3) based on your knowledge if I’m choosing between putting the GPU or the 10 GBE nic into the M.2 expander, which do you imagine would be less compromised by that configuration? In other words which should I put into the motherboard PCI slot versus the M.2 expander (I know you may not have enough info to answer the question but what’s your guess)?

    4) when searching for the ADT-Link’s R43SG: your link takes to a manufacturer’s site which doesn’t appear to sell to the consumer. I could only find that unit on eBay for about $150. What should it cost? Do you know where it can be purchased?

    Thanks again for your excellent write up and hard work in putting this together. It’s greatly appreciated.

    All the best

    1. > I understood that M.2 NMVE 2280 slots were pcie x4, but your article indicates it is x16

      It doesn’t and you need to differentiate between ‘physical’ and electrical capabilities. An x16 PCIe slot might only carry four or even one lane so you need to look into specs of the product in question. Same is true for an M.2 slot which can carry 4 lanes maximum but you find setups where only one or two lanes are routed to the M.2 connector.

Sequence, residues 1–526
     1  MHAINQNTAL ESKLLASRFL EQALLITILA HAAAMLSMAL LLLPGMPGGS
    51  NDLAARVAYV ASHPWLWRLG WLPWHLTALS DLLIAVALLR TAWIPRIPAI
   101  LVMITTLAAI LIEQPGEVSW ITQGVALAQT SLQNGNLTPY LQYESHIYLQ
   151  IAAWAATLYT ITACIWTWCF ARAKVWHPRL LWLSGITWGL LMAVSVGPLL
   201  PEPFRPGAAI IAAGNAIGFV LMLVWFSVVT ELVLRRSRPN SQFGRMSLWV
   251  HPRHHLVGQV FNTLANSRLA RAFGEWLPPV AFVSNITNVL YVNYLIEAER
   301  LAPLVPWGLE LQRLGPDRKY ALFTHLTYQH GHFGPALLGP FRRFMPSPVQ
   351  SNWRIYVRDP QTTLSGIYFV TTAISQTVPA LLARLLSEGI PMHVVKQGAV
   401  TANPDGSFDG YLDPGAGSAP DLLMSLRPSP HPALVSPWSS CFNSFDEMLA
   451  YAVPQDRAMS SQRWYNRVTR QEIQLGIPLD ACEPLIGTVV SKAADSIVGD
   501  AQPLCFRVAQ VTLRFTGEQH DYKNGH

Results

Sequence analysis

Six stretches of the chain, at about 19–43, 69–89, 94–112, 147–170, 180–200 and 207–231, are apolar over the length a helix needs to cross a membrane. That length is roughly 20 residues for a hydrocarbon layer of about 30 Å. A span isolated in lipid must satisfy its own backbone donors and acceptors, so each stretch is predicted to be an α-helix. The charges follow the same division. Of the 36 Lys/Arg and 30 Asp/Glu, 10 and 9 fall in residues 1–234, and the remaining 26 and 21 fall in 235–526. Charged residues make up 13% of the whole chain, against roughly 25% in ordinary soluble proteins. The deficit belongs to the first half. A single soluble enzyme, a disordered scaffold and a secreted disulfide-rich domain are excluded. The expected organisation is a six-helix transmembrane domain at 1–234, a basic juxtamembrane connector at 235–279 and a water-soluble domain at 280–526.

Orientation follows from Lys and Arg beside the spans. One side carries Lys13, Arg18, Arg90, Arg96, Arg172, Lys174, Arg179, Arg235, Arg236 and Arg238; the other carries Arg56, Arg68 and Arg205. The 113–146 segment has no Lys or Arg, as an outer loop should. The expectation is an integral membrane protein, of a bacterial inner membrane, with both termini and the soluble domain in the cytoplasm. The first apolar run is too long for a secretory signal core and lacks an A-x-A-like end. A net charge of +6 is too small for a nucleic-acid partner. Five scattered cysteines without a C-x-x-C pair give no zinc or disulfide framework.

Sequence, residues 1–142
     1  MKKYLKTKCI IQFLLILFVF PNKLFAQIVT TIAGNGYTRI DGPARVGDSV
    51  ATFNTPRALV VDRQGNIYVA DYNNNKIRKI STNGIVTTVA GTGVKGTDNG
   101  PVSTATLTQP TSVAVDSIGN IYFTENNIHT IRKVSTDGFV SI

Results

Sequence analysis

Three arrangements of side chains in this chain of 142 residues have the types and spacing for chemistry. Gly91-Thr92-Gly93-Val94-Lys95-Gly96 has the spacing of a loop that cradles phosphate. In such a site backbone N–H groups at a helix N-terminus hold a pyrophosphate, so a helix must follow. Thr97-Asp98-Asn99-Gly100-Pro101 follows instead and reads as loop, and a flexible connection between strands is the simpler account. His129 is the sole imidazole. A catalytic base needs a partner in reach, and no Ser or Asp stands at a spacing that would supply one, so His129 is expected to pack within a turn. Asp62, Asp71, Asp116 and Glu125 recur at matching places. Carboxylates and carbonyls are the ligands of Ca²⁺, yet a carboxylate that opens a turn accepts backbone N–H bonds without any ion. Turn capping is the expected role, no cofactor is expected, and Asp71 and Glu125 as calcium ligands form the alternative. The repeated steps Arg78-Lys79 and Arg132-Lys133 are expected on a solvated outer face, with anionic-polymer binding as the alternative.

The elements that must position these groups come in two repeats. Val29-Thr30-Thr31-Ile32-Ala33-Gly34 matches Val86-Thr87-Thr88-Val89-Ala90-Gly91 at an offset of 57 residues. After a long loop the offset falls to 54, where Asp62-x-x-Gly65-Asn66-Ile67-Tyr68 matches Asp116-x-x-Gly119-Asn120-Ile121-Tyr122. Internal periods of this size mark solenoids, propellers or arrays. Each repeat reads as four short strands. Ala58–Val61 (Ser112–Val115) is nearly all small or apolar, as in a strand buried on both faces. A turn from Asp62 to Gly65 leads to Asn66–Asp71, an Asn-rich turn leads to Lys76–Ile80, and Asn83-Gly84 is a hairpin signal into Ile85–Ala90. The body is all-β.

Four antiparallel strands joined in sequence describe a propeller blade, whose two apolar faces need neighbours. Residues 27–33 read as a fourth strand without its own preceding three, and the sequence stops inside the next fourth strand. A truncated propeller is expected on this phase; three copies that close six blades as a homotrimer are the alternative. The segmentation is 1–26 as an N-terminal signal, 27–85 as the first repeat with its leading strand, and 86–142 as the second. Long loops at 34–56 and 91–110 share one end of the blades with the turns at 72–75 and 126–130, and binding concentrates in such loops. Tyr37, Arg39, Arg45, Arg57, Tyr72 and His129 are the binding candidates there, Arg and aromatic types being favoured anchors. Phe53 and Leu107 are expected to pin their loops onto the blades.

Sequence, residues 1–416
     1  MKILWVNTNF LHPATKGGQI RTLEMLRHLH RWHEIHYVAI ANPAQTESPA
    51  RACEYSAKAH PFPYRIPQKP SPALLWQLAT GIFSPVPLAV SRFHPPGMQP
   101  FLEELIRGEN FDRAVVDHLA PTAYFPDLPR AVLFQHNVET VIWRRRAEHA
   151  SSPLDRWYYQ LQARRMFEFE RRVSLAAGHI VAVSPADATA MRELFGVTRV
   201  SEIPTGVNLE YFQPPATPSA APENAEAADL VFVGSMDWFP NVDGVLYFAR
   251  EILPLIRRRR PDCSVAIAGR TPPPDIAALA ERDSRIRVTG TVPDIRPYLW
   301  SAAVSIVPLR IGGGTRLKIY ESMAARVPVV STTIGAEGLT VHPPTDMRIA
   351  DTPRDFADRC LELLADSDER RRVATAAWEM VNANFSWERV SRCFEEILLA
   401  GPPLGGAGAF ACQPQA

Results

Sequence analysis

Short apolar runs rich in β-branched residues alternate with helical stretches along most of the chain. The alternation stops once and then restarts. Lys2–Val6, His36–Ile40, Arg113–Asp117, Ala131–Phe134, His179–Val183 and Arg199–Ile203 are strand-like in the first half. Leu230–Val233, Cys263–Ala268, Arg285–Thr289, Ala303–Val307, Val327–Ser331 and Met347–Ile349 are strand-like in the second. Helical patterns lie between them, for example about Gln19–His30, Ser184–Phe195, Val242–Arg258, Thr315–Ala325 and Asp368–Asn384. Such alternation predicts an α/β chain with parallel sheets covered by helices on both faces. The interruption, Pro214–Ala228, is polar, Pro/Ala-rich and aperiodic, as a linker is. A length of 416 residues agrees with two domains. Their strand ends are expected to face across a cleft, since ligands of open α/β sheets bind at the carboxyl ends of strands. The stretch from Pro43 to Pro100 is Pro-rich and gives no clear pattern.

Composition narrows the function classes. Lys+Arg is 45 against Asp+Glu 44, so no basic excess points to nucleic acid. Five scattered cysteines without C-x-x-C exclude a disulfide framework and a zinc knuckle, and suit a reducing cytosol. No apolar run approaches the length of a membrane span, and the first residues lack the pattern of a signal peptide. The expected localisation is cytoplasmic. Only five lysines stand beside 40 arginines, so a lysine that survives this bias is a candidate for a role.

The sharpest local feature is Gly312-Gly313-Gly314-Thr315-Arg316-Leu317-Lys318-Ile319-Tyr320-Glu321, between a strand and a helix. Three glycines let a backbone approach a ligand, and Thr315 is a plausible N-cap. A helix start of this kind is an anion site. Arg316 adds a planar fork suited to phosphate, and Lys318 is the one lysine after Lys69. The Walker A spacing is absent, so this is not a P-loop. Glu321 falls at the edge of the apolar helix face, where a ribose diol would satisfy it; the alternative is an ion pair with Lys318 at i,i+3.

2. Just to add to @tkaiser replies and to address your specific points:

      1. The spec for your board indicates your two M.2 slots are both x4.
      2. I’m not sure I understand your question. A GPU in x16 is better than via an adapter in x4 which is better than in adapter via Thunderbolt 3.
      3. Your GPU can go into your x16 so the 10 GbE NIC can go in the adapter via an M.2 slot. However it may be possible to use a R43SR rather than a R43SG as this can be powered directly from a SATA power cable from your PSU (see Alternatively look at a 5 GbE NIC that can use your x1 slot like the QNAP QXG-5G1T-111C as an example which will be much cheaper.
      4. Look under ‘WEBSHOP’ on the link ( to get a MSRP indication and then shop on Aliexpress (but with care as there are a lot of sellers).
      1. > Alternatively look at a 5 GbE NIC

        For typical home setups 5GbE might also be overkill. We did a lot of testing with client setups in the graphics industry and found the sweet spot wrt link saturation somewhere between 2.5GbE and 5GbE. I wouldn’t even mind using cheap RTL8156B dongles attached to USB3 ports.

        BTW: With M.2 slots and the demand for more storage flexibility or 10GbE OCuLink is also an option.

    3. @caleb

      1) If you have a fully electrical x16 you can bifurcate it into x8 + x8 or x4 + x4 + x4 + x4 BUT ONLY if the motherboard has the option in the BIOS/UEFI.
      Then you’ll need to buy a riser cable to physically split the x16 into 2 x8 or 4 x4. Not all motherboards provide PCIe bifurcation, check your motherboard manual. Usually PCIe bifurcation is only offered on high-mid-range or high-end motherboards. You have to distinguish “physical” vs. “electrical/signal”, an x16 slot may only provide x8 or x4 lanes (common on small boards). Usually main stream motherboards provide a physical x16 with electrical x16. Just check the manual of your motherboard.